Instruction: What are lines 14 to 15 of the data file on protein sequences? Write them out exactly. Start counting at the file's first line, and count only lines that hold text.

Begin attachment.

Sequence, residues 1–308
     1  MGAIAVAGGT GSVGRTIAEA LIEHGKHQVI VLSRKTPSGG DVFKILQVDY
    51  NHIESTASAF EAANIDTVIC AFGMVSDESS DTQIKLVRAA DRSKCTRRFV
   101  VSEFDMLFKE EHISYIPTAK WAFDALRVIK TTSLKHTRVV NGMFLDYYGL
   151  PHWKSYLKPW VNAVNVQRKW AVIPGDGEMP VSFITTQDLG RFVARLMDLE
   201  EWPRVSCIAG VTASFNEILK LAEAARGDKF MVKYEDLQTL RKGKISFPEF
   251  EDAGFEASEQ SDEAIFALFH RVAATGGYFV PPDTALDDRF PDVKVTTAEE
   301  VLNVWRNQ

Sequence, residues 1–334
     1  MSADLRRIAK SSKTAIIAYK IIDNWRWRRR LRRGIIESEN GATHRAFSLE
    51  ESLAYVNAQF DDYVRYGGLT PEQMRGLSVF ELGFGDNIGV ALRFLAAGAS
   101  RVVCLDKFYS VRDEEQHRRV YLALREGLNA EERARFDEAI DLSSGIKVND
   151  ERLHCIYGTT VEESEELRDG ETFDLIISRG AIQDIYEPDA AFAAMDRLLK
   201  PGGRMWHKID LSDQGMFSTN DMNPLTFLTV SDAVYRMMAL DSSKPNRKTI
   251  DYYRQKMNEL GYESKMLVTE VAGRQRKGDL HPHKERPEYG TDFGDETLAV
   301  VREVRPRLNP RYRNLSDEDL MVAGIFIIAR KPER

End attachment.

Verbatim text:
   201  PGGRMWHKID LSDQGMFSTN DMNPLTFLTV SDAVYRMMAL DSSKPNRKTI
   251  DYYRQKMNEL GYESKMLVTE VAGRQRKGDL HPHKERPEYG TDFGDETLAV